Chapters As a Source of Leadership in Sigma Xi

by Linda Mantel | Nov 13, 2019

Linda Mantel is the 2019 recipient of the Evan Ferguson Award for Service to the Society. She will accept her award on November 15 at the Annual Meeting and Student Research Conference in Madison, Wisconsin. 

Why are chapters important for Sigma Xi?

Linda Mantel

Chapters are the lifeblood of the organization and a major factor differentiating Sigma Xi from other multidisciplinary organizations. They are the connecting links among members, the organization, and the scientific community as a whole. For the past 18 years, I have been a proud member of the Sigma Xi Columbia-Willamette Chapter, a multi-institutional chapter with members from several local schools, industry, and agencies based at Portland State University. I joined the chapter board in 2002, served as secretary from 2004-2008, and then as president from 2008-2019. 

How does the chapter serve the local scientific community?

Thanks to my colleagues on the Board of Directors and elsewhere, we grew our chapter events and activities to include not only professional talks, but also events for students and for the larger community. We raised our chapter profile locally and nationally by wearing our chapter buttons when participating in scientific events, and attending meetings and showing our chapter poster. 

Our chapter members serve as judges for the statewide pre-college Northwest Science Expo, and the chapter awards cash prizes to winners in several categories. We also support student recipients of Sigma Xi Grants in Aid of Research by awarding them an additional $100. Our annual Student Research Symposium, open to college and university researchers in the entire area, brings from 35-75 participants to campus, provides exposure to science programs in the area, and provides the winners with both cash prizes and the opportunity for travel support to Sigma Xi Annual Meetings. Our award-winning students serve as inspiration for additional students to participate and become part of the scientific community. We also have a robust, privately-funded Outstanding Faculty Award program, where we honor both a junior and a senior faculty member in all our science areas with cash awards and certificates. These winners then come back and provide lectures for us during the year.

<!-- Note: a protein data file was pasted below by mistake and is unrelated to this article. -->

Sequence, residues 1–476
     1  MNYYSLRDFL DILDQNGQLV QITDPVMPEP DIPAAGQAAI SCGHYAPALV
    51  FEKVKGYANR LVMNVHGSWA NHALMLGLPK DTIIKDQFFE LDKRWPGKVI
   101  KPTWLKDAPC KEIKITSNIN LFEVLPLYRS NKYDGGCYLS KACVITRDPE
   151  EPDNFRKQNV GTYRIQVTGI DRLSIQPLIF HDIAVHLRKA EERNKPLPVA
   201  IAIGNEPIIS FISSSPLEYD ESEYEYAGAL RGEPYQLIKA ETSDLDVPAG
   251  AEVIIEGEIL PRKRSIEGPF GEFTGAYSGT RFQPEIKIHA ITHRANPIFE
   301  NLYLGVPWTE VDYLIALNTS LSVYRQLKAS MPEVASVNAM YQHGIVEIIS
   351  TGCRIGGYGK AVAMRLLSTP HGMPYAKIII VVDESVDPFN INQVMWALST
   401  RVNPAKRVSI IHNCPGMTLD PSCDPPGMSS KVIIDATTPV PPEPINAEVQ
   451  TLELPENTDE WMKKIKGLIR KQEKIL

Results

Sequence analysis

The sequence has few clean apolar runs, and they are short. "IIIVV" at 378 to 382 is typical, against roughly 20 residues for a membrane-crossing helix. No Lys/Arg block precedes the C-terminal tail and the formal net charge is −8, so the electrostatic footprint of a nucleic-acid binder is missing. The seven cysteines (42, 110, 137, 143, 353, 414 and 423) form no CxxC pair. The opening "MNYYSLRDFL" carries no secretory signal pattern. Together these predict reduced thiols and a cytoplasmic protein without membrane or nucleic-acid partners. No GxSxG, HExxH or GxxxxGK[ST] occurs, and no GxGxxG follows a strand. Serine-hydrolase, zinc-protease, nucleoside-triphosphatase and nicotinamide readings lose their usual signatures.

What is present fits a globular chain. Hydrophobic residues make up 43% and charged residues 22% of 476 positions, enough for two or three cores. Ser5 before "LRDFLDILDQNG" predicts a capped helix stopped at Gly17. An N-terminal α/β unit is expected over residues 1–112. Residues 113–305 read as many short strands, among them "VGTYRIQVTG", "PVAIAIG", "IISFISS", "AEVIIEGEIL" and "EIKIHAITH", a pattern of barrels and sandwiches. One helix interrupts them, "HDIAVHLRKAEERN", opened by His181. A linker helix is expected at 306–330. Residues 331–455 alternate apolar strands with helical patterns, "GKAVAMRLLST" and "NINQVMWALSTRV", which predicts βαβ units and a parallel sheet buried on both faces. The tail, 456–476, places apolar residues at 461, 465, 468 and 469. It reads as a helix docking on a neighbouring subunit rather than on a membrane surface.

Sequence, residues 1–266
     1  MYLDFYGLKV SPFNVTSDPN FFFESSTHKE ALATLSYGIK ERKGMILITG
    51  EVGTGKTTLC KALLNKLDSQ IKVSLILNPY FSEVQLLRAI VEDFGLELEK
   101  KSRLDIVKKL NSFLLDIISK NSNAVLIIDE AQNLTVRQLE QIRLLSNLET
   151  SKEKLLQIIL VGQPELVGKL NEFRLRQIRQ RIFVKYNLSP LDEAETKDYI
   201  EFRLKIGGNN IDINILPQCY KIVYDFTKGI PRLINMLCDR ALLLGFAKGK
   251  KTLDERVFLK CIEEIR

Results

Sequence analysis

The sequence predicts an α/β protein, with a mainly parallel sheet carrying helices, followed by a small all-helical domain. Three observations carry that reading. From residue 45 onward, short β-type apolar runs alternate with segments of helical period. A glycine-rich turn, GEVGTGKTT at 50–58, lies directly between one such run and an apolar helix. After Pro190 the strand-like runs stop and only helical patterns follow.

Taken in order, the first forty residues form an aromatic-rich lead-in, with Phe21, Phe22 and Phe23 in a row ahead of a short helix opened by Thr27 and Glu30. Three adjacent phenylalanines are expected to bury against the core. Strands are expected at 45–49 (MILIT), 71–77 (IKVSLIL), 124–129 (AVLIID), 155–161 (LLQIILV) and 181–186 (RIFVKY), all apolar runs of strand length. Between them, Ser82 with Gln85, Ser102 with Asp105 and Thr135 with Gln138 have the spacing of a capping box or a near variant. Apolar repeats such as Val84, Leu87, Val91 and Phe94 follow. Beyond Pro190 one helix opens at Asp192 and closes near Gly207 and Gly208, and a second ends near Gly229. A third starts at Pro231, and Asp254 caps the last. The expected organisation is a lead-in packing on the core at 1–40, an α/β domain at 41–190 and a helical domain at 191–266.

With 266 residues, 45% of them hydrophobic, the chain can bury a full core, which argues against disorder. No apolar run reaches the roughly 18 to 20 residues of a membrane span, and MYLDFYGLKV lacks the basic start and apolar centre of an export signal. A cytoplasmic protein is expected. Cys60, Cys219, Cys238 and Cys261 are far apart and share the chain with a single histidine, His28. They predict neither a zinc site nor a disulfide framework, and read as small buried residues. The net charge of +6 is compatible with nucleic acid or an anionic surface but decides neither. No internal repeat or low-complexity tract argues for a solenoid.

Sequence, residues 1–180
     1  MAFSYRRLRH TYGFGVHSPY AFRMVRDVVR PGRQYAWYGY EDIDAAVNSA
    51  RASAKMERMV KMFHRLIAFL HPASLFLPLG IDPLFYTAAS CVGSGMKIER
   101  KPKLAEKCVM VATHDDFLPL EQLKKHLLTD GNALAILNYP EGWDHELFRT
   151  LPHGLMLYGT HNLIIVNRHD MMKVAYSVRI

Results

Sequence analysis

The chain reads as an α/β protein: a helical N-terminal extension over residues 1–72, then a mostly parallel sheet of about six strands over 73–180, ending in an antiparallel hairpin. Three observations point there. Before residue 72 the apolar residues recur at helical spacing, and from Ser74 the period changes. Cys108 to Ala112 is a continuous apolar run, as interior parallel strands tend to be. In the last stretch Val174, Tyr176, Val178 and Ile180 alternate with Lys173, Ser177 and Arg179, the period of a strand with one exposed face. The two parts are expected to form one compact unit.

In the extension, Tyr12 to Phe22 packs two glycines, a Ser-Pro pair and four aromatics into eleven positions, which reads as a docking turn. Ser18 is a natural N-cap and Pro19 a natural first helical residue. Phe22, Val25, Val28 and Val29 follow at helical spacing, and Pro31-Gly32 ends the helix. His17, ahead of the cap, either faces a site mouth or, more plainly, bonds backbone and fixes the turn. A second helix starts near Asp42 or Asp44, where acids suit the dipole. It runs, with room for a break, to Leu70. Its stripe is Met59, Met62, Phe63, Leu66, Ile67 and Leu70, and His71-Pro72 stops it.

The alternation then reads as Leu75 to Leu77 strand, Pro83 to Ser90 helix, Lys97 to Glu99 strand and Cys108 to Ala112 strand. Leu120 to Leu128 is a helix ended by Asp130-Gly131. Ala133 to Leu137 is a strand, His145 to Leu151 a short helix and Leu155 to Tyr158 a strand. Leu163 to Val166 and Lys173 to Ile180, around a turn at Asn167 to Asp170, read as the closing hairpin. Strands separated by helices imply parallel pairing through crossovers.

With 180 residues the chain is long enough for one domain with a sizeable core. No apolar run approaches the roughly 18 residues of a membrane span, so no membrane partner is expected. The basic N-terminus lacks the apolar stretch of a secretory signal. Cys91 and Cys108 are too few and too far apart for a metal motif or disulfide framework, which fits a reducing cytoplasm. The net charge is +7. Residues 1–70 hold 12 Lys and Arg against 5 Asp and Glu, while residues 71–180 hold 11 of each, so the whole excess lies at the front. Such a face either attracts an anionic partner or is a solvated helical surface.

Our end-of-year celebration has become a favorite event for the community, bringing together our usual attendees and new friends. At this event, we honor a local teacher, a local supporter of research, and all of our student and faculty research awardees. Each person is given three minutes to introduce their science to the audience, and we are always astounded by the breadth of scientific and engineering endeavors being carried out right at home.

One of our special contributions to the community is our wine-tasting series, where thanks to Scott Burns, our local “terroirist,” we have an annual winter event with tastings of a variety of wines. This serves as a chapter fundraiser, to help support student travel to Sigma Xi conferences. We also have summer wine-tasting trips to see the terrain and terroirs first hand.

How can chapters expand their networks?

Our chapter is fortunate to have members from a diverse array of organizations. I believe the multi-institutional format provides benefits well beyond those found on a single campus. Leadership can come from many directions, connections can be forged with many colleagues, and partnerships can be found in unexpected places. For chapters uncertain of how to move beyond their normal programming, try inviting a neighboring chapter or organization to join you for a program, a dinner, or a celebratory event. For instance, we have co-sponsored science-based events with local groups such as the Union of Concerned Scientists, the League of Women Voters, and Oregon Academy of Sciences. 

What have you learned from your experiences with Sigma Xi?

Having been inducted into Sigma Xi as a graduate student at the University of Illinois, I have been a member for 55 years! My service for the Columbia-Willamette Chapter was not only all encompassing, but also rewarding. Building and engaging the chapter and board membership are never-ending projects. With the support of my colleagues and the superb assistance of the headquarters staff, the chapter has won three awards in the past eight years. I know the next generation of board members and officers will continue the good work. 

Perhaps my most significant contribution to Sigma Xi as a whole came when I served as director of the Northwest Region and established the relationship between the AAAS Pacific Division (AAAS PD) and the Northwest and Southwest regions of Sigma Xi.  We have met together each summer since 2012, thanks to the efforts of the regional directors and the AAAS PD board and staff. I believe this linkage of Sigma Xi and AAAS PD represents value to both organizations, and in particular to students, who have the opportunity to present their work in two different Sigma Xi venues per year. 

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